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Drought Tolerant Plants
by Brian Minter
by Brian Minter

email: mail@mintergardens.com

Brian is President of Minter Country Garden, an innovative destination garden center and greenhouse growing operation. He is a gardening columnist, radio host, international speaker and author.

His website is located at http://www.mintergardens.com/


July 8, 2007

All the wet weather experienced from March through June has taken a toll on our gardens. Many of our early plantings have gone but fortunately, there's still time to plant heat-loving and drought-tolerant colour to keep our gardens looking good until fall.

There are a few things to bear in mind when planting at this time of year. During warm spells, do your planting in the early evening so your plants have at least overnight to acclimatize. It really helps for the first day or so to lay some Remay cloth over new plantings to filter out the worst of the sun's intensity and allow those roots to take hold. It's also a good idea to prepare your planting area with a generous amount of good soil, compost and manures. Adding starter fertilizer to speed up the rooting process is also helpful. Be very particular about the plants you purchase. Plants that have been sitting in crowded pots too long and look tall, hard and lanky will not perform well for you. Choose either fresh new plants or ones that have been repotted into larger four or six inch pots.

It's wise to choose plants that not only love the heat, but once established, will also tolerate some drought. On the top of my list are gazanias. These beautiful, huge daisy-like flowers are just a blaze of vibrant orange, yellow and bronze shades all summer long. They add an unique flavour to any garden, and for the very best effect, they should be used in groups or mass plantings.

Portulaca (Moss Rose) is right behind them for a great show in dry conditions. Portulacas are simply breathtaking with their masses of vibrant bright double blooms that just don't quit. They thrive in sunny, dry, hot spots but remember: they do poorly in rich heavy soils. Portulacas should also be used in mass plantings, and they will often seed themselves for another great display next year.

For shady areas, impatiens, browallia, balsam and tuberous begonias perform like magic with a minimum of water, once they are established. Also check out variegated double impatiens for a stunning display. The very popular New Guinea impatiens and sun tolerant coleus are wonderful for both a partial shade or sun location.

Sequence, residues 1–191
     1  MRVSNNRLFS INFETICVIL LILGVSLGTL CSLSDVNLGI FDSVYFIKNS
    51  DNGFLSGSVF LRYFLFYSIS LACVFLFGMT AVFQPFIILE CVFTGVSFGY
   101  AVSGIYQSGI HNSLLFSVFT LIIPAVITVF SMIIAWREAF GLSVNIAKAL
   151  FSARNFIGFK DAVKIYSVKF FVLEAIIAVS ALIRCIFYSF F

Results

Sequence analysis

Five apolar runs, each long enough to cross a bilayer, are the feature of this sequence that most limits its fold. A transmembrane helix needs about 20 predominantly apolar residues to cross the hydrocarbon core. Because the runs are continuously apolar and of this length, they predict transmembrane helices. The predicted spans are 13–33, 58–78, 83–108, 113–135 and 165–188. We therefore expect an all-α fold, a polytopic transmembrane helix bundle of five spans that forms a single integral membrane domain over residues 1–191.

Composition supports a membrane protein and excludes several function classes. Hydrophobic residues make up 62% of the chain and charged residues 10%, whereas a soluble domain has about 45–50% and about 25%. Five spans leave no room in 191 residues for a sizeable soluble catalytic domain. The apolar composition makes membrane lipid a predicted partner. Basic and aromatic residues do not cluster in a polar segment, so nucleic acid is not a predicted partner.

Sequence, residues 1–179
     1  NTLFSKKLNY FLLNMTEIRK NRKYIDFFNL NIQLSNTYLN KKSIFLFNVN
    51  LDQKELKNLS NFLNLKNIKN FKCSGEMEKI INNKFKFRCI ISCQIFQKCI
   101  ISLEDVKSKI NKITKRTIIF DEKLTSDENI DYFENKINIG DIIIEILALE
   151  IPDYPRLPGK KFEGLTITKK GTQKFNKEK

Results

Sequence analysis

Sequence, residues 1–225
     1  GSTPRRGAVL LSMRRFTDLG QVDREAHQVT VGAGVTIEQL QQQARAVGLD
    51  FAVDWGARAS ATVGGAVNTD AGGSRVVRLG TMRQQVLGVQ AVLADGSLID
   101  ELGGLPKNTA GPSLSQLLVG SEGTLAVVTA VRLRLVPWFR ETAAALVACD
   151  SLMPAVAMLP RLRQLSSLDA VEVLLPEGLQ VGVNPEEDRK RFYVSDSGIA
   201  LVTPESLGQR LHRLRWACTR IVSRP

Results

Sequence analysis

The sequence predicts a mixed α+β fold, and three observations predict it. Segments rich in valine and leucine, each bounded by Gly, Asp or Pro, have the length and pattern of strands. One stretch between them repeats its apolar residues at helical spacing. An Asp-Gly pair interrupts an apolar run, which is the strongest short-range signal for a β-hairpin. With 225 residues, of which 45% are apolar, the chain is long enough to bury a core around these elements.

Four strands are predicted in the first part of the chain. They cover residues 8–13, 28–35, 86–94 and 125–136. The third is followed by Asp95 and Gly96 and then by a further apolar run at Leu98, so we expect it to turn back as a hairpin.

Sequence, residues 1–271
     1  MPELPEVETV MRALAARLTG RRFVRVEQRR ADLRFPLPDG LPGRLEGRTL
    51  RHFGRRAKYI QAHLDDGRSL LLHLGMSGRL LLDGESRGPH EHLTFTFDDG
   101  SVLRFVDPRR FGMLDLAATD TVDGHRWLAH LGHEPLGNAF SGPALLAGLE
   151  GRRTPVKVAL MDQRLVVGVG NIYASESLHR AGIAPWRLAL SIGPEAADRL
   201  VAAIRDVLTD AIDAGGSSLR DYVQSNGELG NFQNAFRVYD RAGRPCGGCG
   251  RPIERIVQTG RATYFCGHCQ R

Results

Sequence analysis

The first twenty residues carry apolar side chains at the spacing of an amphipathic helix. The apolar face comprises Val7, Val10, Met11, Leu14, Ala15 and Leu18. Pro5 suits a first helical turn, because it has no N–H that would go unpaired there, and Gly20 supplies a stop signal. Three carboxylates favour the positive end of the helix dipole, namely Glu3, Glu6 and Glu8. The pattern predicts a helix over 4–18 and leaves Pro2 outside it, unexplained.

Old-fashioned cosmos is another great drought-tolerant plant. Try the 'Sensation' mix as a background plant or use it here and there among your rhododendrons or shrubs for a charming effect. The new dwarf 'Sonata' series is truly spectacular too and much more versatile.

No garden would be complete without salvia, and you can't plant salvia without its very best companion, Dusty Miller. Try some of the new salvias such as my favourite 'Victoria Blue' or its cousins, the more compact 'Rhea' or the blue and silver variety called 'Strata'.

Zinnias have always been the traditional heat loving and drought tolerant champions. They look so fresh and vibrant when other plants wilt in the heat. The dwarf giant-flowered varieties and the amazing award-winning spreading variety, ‘Profusion’, are now available in a wide range of colours. ‘Profusion’ spreads like a carpet and provides amazing colour till frost. Zinnias look great with summer grasses.

Cleomes are fabulous drought tolerant plants that have come a long way over the past few years. We love them in our gardens for their splendid show all summer long. The new ‘Senorita Rosalita’ and ‘Spirit’ series are great plants. Shorter and more basil branching, they are real garden jewels.

We use so many annual rudbeckias in our summer garden simply for their beauty and resilient nature. Now available in so many flower forms, sizes and shapes, they can be used with ease in small gardens, containers and giant beds. They create magic when planted with Purple Fountain Grass.

Dahlias are so great at this time of year because they are easy to grow, love the heat and bloom till November. The new dark foliage varieties, like the ‘Happy’ and ‘Dark Angel’ series, look truly fabulous in mass plantings or containers.

With the poor, wet start to our gardening season, it’s great to have many new plants that can easily spark up our gardens, thrive in the heat and last well into fall. Please give them a try.

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